Embodied energy in building materials has been studied for the past several decades by researchers interested in the relationship between building materials, construction processes, and their environmental impacts.
What is embodied energy?
There are two forms of embodied energy in buildings:
· Initial embodied energy; and
· Recurring embodied energy
1. The initial embodied energy in buildings represents the non-renewable energy consumed in the acquisition of raw materials, their processing, manufacturing, transportation to site, and construction. This initial embodied energy has two components:
- Direct energy the energy used to transport building products to the site, and then to construct the building; and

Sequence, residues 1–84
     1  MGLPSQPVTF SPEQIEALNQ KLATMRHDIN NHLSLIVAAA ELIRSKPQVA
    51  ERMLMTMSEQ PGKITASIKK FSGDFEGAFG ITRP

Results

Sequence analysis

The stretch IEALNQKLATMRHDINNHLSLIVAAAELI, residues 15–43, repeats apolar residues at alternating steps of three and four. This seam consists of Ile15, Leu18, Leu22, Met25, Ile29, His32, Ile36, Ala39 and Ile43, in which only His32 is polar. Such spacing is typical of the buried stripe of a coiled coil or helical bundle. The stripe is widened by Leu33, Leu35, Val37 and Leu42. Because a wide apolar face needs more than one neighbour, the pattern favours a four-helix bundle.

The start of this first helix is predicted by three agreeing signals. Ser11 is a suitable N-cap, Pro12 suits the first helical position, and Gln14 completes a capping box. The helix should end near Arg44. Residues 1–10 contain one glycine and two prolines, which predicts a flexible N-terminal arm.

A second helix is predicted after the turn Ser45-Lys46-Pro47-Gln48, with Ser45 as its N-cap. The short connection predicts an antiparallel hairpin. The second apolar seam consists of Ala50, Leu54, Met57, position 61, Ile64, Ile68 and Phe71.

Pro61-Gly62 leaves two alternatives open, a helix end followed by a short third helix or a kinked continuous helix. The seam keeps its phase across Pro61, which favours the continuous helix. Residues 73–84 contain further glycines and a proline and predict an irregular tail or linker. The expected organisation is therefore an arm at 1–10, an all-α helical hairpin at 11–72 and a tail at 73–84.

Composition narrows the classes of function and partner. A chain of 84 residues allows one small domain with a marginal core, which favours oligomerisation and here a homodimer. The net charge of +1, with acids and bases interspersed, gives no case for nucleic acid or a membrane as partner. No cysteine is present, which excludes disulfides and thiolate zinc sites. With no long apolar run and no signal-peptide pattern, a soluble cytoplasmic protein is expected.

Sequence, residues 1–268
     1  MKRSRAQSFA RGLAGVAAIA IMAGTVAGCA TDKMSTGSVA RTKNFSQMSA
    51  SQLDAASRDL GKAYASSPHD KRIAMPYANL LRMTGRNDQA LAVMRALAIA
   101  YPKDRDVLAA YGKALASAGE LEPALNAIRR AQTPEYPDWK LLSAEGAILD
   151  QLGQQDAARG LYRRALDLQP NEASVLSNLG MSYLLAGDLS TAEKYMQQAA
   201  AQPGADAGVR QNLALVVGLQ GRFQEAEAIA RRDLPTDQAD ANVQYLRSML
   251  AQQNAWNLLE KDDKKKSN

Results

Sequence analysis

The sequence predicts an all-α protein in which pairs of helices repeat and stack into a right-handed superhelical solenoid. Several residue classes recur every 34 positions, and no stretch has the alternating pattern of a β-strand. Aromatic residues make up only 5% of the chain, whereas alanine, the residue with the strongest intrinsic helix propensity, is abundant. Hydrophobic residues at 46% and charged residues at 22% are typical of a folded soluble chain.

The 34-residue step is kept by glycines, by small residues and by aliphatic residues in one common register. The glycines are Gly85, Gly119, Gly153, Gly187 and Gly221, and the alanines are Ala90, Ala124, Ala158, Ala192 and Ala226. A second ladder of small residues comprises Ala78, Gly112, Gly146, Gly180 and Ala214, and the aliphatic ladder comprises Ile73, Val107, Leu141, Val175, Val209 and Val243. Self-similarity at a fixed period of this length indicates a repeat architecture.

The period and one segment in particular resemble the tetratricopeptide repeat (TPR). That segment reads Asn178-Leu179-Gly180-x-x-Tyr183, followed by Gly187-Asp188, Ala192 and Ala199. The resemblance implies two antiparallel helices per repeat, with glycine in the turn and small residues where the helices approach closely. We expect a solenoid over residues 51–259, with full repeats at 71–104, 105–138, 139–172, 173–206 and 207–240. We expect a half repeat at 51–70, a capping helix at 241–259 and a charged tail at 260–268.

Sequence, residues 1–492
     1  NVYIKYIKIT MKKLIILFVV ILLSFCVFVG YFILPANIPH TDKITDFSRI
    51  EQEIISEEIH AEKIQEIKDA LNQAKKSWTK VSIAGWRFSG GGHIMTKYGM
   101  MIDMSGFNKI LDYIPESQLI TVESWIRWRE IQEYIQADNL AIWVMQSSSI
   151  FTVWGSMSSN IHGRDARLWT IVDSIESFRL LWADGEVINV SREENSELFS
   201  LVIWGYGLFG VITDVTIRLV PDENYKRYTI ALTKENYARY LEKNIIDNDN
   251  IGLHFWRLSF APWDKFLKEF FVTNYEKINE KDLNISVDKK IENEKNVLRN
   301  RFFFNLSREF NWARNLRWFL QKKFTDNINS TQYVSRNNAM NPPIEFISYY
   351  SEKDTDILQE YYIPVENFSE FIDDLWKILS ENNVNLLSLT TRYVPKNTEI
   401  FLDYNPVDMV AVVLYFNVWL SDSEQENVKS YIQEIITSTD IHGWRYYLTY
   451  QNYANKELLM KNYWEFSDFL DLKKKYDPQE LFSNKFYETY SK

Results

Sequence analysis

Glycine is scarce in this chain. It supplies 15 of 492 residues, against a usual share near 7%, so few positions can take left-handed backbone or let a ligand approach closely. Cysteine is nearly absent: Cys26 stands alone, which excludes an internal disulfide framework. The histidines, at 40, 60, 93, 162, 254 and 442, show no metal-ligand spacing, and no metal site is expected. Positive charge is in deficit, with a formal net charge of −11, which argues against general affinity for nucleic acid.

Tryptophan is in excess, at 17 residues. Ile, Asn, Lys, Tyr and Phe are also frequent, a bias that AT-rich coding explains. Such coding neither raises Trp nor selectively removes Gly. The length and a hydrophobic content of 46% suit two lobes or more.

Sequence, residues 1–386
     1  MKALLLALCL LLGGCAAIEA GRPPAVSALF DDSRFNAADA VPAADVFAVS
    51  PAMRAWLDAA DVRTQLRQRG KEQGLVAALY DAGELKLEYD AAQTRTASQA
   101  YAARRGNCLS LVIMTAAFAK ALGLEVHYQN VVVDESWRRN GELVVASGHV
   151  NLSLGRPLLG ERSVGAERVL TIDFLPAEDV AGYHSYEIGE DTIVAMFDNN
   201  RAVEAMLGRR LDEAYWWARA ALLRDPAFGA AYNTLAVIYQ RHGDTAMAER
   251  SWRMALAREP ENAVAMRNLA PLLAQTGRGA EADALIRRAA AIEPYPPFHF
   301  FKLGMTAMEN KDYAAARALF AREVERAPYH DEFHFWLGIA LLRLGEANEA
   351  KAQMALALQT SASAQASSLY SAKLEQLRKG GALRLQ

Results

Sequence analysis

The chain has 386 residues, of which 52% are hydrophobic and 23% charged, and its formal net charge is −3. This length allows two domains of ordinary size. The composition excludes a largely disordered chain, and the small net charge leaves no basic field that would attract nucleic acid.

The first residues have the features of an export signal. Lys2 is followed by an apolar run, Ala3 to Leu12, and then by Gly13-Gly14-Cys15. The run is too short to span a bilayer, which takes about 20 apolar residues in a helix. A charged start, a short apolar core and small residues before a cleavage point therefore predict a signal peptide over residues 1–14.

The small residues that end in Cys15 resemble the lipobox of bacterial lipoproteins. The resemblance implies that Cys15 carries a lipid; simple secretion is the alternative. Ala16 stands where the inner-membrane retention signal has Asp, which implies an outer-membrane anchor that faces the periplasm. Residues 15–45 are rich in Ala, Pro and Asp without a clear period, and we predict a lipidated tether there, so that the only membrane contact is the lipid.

- Indirect energy the energy used to acquire, process, and manufacture the building materials, including any transportation related to these activities.
2. The recurring embodied energy in buildings represents the non-renewable energy consumed to maintain, repair, restore, refurbish or replace materials, components or systems during the life of the building.
As buildings become more energy-efficient, the ratio of embodied energy to lifetime consumption increases. Clearly, for buildings claiming to be “zero-energy” or “autonomous”, the energy used in construction and final disposal takes on a new significance. […]”<